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|Sunday, June 01, 2008|
They didn’t come after me, I came after them. I have to admit, I hadn’t had to put a resume together in a long time. I had to work for it. I wasn’t looking for a full-time job, but there was something special about this situation. Marylhurst has always reached out to serve underserved populations. Today that means adult learners; back in the original days it meant women. I like the history and the role that the order has played. There’s a selfish piece to this as well. I’ve discovered that even though I’m very active in the community on various boards, I miss being a part of a team on a full-time basis. This allows me to get back in the middle of being on a team.
When people ask me what the grand vision is, I say the school is already pursuing the grand vision. My challenge is to make sure that we are constantly ahead of the curve and to make sure our curriculum and method of delivery is relevant and useful. And frankly, Marylhurst is an icon in that respect; it’s adept at redefining itself. My top priority is to learn from each faculty member what is important to them and how they see the future. The other top priority is working on fundraising. I’ve never done that — unless you consider going to the Public Utility Commission a fundraising activity.
There’s not much to look at. They are debt free. But there’s a lot of headroom for growing the endowment.
Even though I’m going back to work full time, I can still take Anna to school in the morning and be at work by 8:15. [She lives less than a mile from the Marylhurst campus.] I feel a lot happier. I have a lot left in me. The notion of being 49 years old and sitting on the sidelines just didn’t feel right.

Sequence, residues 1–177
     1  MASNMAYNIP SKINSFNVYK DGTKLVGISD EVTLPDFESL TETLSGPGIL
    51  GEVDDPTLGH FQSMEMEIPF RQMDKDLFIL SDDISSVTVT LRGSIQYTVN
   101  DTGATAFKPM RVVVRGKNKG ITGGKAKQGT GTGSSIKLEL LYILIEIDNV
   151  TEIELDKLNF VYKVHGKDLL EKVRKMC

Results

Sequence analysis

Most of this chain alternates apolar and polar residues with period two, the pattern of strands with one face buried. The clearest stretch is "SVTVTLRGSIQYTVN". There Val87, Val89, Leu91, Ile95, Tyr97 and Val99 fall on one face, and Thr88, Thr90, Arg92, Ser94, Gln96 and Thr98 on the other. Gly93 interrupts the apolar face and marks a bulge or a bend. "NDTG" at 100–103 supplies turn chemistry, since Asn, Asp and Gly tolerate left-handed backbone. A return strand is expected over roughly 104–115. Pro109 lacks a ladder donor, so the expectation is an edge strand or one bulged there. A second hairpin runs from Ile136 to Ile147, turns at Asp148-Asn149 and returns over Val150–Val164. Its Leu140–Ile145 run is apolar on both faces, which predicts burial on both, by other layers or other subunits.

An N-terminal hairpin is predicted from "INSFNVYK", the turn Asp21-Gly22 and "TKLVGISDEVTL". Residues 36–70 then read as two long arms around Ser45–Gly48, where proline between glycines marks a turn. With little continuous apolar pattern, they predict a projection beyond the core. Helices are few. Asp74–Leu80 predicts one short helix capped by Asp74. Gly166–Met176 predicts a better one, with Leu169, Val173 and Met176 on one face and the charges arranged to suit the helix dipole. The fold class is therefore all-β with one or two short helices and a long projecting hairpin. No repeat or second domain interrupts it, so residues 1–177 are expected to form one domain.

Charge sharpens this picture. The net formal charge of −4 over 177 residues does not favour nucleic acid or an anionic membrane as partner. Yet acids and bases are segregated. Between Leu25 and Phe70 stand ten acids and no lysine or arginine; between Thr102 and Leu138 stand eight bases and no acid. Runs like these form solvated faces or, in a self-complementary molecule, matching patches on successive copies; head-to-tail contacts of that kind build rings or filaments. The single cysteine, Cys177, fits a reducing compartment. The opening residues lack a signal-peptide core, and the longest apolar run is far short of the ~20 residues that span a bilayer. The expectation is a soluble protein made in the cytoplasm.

PHOTO BY ADAM BACHER
Tuesday, August 26, 2014
Parents and students paying for college today are like homeowners who bought a house just before the housing bubble burst.
Monday, July 14, 2014
BY TERRY "STARBUCKER" ST. MARIE
I really didn’t know that much about angel investing, but I did know a lot about the entrepreneurial spirit.
Wednesday, August 27, 2014
Kim Ierian, President of Concorde Career Colleges, and Deborah Edward, Executive Director of Business for Culture & the Arts, share their recent reads.
Wednesday, August 27, 2014
Tom Cox interviews Pete Friedes, author of "The 2R Manager," about becoming a Best Boss.
Monday, August 18, 2014
Portland is in the middle of another construction boom, with residential and office projects springing up downtown, in the Pearl and Old Town. OB Web Editor Jessica Ridgway documents the new wave.
Tuesday, July 08, 2014
BY LINDA BAKER | OB EDITOR
The New Yorker recently published a sharply worded critique of “disruptive innovation,” one of the most widely cited theories in the business world today. The article raises questions about the descriptive value of disruption and innovation — whether the terms are mere buzzwords or actually explain today's extraordinarily complex and fast changing business environment.
Update: We caught up with Portland's Thomas Thurston, who shared his data driven take on the disruption controversy.
Tuesday, August 19, 2014
BY TOM COX | OB BLOGGER
Tom Cox interviews Steve Balzac, author of "Organizational Psychology for Managers."
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First Call Resolution targets employee well-being and client satisfaction.
How six leading foundations are working together for a better Oregon.
Vigilant enters a New Year with a new president.
Lane Powell Shareholder William T. Patton has been appointed to the board of directors for Cascade AIDS Project, an organization that provides educational services and outreach to thousands of Oregonians living with HIV/AIDS.
Fifty-one Lane Powell lawyers were recently selected by their peers for inclusion in The Best Lawyers in America® (Best Lawyers) 2015; of those selected, 23 lawyers are from the Firm’s office in Portland, Oregon.
Barran Liebman is proud to announce that Andrew Schpak, a Partner of the firm, has been named Chair of the American Bar Association’s Young Lawyers Division for the 2014-2015 bar year.